Dr. Furman on Avoiding Chemotherapy With Idelalisib

Richard R. Furman, MD
Published: Tuesday, Dec 10, 2013



Richard R. Furman, MD, a member of the Lymphoma/Myeloma Service in the Division of Hematology/Oncology at the New York Weill Cornell Medical Center, discusses the ability to avoid the administration of chemotherapy when using novel agents, such as idelalisib, to treat patients with chronic lymphocytic leukemia.

The administration of novel agents rather than chemotherapy avoids several adverse events, Furman states. As a result, even though the trial exploring idelalisib was completed in patients with comorbidities who were not eligible for chemotherapy, Furman believes idelalisib is still a reasonable option even for patients who are eligible for chemotherapy.

Without the administration of chemotherapy, many side effects are avoided, such as immunosuppression, myelosuppression, and the long-term risk of bone marrow failure and secondary cancers. The avoidance of these side effects should prompt all physicians to consider obfuscating chemotherapy from treatment strategies whenever possible, Furman states.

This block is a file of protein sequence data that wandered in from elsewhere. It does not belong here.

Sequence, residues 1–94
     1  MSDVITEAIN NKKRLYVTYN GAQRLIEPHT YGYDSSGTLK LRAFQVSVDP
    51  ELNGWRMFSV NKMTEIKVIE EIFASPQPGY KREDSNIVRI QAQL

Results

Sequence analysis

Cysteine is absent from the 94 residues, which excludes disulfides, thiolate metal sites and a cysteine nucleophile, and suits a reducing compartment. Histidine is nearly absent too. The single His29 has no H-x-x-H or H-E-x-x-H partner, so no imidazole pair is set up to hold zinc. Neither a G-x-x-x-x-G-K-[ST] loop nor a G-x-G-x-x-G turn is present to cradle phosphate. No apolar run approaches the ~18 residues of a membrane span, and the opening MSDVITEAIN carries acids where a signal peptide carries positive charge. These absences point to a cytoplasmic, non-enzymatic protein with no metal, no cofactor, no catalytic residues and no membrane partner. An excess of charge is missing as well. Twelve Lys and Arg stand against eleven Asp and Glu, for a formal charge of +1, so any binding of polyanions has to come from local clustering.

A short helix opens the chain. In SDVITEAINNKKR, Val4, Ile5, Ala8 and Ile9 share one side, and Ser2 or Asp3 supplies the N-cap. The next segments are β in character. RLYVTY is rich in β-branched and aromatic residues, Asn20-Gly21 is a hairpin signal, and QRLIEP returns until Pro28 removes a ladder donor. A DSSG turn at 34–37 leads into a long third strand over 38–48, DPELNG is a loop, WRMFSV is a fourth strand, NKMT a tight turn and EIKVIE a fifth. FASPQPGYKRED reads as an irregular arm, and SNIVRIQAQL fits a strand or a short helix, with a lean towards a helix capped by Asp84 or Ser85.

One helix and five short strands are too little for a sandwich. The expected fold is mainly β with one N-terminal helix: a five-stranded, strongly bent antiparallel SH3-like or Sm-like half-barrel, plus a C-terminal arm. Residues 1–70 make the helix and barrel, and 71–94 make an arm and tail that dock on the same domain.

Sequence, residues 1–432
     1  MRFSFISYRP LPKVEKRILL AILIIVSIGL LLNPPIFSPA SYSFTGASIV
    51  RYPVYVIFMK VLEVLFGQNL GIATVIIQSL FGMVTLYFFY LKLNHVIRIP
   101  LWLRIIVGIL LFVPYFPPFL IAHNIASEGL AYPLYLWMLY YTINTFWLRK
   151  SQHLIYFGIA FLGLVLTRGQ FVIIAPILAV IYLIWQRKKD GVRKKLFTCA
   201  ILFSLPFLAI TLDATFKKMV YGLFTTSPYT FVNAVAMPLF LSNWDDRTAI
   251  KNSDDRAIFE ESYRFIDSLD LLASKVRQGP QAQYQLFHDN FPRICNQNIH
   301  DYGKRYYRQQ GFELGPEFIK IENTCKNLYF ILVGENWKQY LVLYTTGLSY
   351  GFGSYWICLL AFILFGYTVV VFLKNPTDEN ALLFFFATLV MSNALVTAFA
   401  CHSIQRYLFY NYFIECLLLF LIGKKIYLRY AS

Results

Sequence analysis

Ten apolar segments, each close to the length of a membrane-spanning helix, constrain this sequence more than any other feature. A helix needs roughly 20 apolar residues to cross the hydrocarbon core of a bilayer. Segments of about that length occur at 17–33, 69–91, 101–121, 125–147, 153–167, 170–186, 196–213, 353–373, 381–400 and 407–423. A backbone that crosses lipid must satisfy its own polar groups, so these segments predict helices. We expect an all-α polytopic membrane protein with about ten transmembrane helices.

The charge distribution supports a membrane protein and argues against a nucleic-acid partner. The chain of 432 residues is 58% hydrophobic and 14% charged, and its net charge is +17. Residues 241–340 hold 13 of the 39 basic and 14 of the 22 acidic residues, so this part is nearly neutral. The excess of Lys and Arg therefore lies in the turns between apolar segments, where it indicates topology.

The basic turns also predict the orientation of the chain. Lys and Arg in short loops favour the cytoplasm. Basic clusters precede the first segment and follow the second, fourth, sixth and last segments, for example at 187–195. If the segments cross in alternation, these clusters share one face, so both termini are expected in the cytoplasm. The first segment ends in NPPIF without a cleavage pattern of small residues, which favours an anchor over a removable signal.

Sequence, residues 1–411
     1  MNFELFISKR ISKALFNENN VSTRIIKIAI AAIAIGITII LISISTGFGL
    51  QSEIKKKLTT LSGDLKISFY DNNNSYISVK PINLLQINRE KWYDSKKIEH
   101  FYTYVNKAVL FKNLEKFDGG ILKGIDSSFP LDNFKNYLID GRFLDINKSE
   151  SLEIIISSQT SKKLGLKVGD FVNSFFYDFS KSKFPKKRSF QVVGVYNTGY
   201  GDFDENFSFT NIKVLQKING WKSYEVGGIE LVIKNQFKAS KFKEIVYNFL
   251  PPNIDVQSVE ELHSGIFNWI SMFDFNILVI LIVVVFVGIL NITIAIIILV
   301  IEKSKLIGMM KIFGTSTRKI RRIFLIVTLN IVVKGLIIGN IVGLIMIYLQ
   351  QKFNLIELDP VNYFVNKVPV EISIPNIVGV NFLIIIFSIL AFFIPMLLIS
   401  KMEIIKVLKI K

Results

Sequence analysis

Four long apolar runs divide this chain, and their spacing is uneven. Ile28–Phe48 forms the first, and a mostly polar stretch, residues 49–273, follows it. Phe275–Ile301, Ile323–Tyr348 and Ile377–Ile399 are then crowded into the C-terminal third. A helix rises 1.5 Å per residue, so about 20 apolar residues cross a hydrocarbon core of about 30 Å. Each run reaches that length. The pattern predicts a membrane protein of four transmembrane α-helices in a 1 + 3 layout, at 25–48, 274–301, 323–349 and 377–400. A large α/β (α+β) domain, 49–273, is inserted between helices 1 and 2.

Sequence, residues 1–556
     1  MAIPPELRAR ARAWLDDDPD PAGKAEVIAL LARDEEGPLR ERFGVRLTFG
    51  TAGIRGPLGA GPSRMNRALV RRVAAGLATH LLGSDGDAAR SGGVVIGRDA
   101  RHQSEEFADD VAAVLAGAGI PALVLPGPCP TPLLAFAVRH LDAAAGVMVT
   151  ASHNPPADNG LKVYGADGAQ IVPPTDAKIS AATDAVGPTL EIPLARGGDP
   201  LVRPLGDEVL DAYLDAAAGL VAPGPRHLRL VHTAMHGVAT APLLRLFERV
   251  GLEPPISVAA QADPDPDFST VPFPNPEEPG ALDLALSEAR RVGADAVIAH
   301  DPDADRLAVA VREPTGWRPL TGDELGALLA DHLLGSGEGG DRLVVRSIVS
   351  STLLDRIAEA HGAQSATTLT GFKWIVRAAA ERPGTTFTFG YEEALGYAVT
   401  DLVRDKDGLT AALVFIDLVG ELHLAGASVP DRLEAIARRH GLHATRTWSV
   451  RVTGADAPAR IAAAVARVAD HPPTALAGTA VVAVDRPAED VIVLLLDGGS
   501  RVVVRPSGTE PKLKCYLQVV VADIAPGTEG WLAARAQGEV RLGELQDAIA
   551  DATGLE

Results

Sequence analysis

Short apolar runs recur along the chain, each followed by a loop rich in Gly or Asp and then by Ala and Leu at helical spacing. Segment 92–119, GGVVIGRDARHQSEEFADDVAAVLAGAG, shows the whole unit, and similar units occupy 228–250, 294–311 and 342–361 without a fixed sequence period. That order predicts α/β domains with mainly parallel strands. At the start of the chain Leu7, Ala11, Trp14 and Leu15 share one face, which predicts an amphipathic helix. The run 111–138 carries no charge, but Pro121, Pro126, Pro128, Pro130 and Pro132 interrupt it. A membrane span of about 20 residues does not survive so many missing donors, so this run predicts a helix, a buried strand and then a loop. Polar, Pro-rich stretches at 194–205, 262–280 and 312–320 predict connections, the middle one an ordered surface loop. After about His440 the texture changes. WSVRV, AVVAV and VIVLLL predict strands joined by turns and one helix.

<<< View more from the 2013 ASH Annual Meeting



Richard R. Furman, MD, a member of the Lymphoma/Myeloma Service in the Division of Hematology/Oncology at the New York Weill Cornell Medical Center, discusses the ability to avoid the administration of chemotherapy when using novel agents, such as idelalisib, to treat patients with chronic lymphocytic leukemia.

The administration of novel agents rather than chemotherapy avoids several adverse events, Furman states. As a result, even though the trial exploring idelalisib was completed in patients with comorbidities who were not eligible for chemotherapy, Furman believes idelalisib is still a reasonable option even for patients who are eligible for chemotherapy.

Without the administration of chemotherapy, many side effects are avoided, such as immunosuppression, myelosuppression, and the long-term risk of bone marrow failure and secondary cancers. The avoidance of these side effects should prompt all physicians to consider obfuscating chemotherapy from treatment strategies whenever possible, Furman states.

<<< View more from the 2013 ASH Annual Meeting


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